In that context, the recent nuclear security summit represented a significant development with regard to the three non-NPT nuclear-weapon states. They were at the summit and approved the communiqué, as did a number of Middle Eastern states. Although observers have noted the relatively weak content of the communiqué, there has been little attention to the historic first that three non-NPT nuclear-weapon states agreed to a near-global consensus document on securing all fissile materials in a very short time. The international community has not seized on the strategic significance of this action in the context of disarmament. The NPT nuclear-weapon states now have a novel diplomatic pathway to begin bringing non-NPT nuclear-weapon states into the transparency process at an early stage of disarmament.

Delineating steps toward fissile material declarations, in the context of the 2012 nuclear summit, would not constrain the non-NPT nuclear-weapon states in the same way that declaring their nuclear arsenals would, but it likely still will be a significant challenge. For example, Israel is reluctant to declare that it has nuclear weapons, much less provide numbers. Israel also has not been supportive of discussing its fissile material stockpiles within the context of potential negotiations on a fissile material cutoff treaty (FMCT). Similar concerns would surround the unsafeguarded nuclear programs of India and Pakistan.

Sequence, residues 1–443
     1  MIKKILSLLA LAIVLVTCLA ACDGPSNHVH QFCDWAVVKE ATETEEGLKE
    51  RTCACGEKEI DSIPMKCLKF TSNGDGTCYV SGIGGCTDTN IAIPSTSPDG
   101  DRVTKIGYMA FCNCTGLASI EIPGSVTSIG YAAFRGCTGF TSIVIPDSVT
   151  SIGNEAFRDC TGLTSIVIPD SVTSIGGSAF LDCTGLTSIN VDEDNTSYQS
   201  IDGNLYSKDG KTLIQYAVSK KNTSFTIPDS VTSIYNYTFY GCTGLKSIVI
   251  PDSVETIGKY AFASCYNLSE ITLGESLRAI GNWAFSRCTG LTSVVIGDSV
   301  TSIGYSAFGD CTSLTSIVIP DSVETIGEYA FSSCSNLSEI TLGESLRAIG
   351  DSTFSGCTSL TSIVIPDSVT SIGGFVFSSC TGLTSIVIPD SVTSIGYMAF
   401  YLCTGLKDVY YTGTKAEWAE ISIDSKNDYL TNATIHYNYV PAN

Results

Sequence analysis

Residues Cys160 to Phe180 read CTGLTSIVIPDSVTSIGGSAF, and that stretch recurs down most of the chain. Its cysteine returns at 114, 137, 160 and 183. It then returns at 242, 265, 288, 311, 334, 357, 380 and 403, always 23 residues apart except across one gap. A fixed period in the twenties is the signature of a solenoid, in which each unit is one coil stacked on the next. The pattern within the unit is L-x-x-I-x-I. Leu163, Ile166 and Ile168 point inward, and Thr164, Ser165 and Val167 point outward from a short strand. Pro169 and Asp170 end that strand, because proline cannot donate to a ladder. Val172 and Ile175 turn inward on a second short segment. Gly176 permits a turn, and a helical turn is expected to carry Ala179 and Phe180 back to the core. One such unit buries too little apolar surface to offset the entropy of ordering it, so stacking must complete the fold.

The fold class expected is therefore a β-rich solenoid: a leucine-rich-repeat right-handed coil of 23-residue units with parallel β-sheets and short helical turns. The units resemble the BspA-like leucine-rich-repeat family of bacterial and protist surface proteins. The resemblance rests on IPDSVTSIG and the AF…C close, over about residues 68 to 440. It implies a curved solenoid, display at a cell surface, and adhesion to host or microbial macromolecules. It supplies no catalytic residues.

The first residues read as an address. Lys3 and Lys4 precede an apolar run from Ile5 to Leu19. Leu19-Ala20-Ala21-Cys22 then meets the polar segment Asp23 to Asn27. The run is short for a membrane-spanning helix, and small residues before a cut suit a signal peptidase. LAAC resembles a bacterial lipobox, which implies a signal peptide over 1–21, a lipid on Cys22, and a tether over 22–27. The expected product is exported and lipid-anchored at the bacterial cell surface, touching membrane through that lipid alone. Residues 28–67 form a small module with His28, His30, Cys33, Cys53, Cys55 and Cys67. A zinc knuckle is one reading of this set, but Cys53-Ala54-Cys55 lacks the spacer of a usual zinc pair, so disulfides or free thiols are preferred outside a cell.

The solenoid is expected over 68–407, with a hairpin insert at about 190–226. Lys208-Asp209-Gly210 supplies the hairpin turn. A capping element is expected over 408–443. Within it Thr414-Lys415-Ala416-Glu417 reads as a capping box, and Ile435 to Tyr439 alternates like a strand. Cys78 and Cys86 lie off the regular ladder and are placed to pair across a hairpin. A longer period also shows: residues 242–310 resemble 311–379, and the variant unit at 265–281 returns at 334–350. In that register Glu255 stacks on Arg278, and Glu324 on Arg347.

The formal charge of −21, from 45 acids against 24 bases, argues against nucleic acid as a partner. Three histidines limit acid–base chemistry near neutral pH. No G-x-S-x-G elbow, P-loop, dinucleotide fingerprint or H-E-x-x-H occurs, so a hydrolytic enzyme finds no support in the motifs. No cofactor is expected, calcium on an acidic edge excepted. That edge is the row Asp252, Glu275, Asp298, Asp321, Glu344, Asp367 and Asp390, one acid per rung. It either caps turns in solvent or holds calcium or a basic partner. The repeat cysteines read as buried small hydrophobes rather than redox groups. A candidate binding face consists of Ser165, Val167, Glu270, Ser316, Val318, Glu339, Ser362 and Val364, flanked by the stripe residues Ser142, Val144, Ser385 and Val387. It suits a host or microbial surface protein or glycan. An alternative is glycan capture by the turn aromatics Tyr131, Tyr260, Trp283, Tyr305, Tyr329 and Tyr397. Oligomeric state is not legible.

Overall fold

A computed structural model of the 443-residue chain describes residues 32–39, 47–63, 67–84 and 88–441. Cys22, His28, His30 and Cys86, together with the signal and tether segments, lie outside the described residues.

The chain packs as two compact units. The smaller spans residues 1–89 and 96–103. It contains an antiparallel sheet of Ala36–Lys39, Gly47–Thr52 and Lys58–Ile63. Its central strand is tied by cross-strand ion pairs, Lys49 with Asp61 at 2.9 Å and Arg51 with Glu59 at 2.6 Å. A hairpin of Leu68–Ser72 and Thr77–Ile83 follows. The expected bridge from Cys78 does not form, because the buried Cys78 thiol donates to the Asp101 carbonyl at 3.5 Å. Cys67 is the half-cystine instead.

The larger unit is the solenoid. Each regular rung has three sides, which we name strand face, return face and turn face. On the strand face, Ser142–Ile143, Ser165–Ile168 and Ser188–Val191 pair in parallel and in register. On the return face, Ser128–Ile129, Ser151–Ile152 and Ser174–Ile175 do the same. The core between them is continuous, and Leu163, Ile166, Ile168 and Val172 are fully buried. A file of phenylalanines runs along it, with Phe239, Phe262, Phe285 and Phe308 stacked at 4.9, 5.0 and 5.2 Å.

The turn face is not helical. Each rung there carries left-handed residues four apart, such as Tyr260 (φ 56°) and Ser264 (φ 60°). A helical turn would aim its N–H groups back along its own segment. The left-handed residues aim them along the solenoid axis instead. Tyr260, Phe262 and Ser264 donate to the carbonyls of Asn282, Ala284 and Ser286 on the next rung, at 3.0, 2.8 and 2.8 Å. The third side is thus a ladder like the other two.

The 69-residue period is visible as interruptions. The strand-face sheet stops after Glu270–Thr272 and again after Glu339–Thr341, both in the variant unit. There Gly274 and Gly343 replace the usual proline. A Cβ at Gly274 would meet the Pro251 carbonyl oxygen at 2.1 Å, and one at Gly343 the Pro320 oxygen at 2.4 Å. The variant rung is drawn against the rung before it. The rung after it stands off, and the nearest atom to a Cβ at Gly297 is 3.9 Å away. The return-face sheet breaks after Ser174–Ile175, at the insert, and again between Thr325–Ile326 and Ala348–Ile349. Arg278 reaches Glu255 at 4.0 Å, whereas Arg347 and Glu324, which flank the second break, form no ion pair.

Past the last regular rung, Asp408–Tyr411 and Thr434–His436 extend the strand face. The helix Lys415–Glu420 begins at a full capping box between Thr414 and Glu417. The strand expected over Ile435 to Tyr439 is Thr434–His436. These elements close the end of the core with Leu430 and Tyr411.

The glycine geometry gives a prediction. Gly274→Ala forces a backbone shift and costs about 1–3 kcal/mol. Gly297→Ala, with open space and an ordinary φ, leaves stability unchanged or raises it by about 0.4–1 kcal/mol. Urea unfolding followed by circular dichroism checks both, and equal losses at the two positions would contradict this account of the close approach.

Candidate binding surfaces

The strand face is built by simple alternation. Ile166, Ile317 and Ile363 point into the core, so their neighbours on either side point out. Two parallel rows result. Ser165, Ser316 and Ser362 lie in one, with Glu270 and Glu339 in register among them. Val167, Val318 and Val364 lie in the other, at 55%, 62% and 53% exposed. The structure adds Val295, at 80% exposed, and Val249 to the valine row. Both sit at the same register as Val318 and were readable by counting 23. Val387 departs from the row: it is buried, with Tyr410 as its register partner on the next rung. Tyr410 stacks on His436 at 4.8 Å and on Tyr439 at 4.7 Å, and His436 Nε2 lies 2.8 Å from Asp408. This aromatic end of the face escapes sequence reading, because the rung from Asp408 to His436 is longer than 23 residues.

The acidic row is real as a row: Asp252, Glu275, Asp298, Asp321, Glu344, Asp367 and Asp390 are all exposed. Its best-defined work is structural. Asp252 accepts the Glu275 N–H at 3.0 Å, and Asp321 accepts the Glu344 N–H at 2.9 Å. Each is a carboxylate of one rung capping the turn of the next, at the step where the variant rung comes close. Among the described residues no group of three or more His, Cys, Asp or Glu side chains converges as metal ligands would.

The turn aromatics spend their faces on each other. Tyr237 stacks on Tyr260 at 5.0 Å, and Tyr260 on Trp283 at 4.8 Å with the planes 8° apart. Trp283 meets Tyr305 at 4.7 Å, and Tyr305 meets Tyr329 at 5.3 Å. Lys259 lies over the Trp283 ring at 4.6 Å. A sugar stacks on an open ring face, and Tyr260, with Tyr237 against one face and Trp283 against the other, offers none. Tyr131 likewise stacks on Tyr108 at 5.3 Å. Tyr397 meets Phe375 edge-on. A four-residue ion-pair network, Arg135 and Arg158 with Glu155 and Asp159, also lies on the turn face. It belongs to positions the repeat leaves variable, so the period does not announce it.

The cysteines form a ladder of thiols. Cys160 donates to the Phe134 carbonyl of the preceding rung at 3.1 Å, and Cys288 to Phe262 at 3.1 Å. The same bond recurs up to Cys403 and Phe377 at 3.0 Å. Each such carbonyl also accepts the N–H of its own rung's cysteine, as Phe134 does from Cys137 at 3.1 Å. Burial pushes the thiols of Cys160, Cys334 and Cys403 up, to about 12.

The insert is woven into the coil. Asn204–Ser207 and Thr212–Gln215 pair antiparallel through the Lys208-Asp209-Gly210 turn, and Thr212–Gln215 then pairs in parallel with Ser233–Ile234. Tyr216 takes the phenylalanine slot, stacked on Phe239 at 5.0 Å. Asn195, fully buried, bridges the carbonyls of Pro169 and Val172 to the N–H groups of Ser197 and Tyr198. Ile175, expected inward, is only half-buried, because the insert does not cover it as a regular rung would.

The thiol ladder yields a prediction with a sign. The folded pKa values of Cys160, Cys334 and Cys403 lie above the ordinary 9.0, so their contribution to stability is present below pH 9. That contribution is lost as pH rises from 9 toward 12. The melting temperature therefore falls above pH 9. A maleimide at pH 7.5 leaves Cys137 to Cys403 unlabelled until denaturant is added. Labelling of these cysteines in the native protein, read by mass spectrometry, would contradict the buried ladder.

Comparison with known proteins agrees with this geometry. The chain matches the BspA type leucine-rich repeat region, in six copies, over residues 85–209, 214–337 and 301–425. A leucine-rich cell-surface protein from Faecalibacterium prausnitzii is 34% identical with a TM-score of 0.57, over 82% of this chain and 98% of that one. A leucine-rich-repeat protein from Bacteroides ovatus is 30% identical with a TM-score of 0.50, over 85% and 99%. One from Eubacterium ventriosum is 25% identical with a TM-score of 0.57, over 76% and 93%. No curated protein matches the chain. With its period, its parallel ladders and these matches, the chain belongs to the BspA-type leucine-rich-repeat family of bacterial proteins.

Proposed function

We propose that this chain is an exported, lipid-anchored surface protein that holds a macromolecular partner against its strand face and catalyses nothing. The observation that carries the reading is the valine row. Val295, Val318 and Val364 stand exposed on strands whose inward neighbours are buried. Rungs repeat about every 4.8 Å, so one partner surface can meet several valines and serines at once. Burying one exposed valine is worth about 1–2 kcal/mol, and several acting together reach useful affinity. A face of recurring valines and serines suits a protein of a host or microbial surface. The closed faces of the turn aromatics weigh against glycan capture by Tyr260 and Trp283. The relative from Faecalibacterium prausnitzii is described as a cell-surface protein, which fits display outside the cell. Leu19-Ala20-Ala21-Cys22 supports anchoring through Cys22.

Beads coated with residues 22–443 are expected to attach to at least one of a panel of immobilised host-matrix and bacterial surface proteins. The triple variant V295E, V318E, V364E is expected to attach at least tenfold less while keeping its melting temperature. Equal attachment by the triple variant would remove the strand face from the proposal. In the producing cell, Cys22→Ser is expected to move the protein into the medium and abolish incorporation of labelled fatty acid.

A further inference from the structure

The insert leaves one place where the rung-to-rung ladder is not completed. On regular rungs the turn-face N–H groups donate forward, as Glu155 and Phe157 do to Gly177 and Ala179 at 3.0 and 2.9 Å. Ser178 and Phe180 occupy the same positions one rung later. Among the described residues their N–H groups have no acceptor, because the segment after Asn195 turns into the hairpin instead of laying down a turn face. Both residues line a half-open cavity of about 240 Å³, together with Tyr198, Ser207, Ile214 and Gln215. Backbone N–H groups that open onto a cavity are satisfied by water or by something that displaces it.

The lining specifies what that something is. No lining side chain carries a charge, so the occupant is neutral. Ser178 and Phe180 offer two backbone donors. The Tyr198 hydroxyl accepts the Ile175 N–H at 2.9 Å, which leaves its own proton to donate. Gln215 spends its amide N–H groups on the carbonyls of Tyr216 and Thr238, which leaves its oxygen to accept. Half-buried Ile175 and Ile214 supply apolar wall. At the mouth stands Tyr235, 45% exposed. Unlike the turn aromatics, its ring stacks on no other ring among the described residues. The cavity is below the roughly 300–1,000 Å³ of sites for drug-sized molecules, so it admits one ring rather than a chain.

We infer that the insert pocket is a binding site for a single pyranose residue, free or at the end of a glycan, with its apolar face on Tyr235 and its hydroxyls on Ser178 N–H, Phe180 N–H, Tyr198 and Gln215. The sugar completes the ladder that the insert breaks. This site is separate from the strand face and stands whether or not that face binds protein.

Also important is some of the transparency language that appeared in the final document of the 2010 NPT Review Conference. Among several other statements in support of increased nuclear-weapon-state transparency, the most notable is in paragraph 94: “The Conference notes the increased transparency of some nuclear-weapon States with respect to the number of nuclear weapons in their national inventories and encourages all nuclear-weapon States to provide additional transparency in this regard.”[12] Action 16 in the document includes language supporting declarations to the IAEA by nuclear-weapon states of all fissile materials designated excess to military purposes. There are also references in the final document to adhering to the 13 “practical steps” that were agreed at the 2000 NPT Review Conference, with step 9 calling for “increased transparency by the nuclear-weapon States with regard to the[ir] nuclear weapons capabilities.” One other venue where universal transparency will be essential is in the development of an FMCT in the Conference on Disarmament.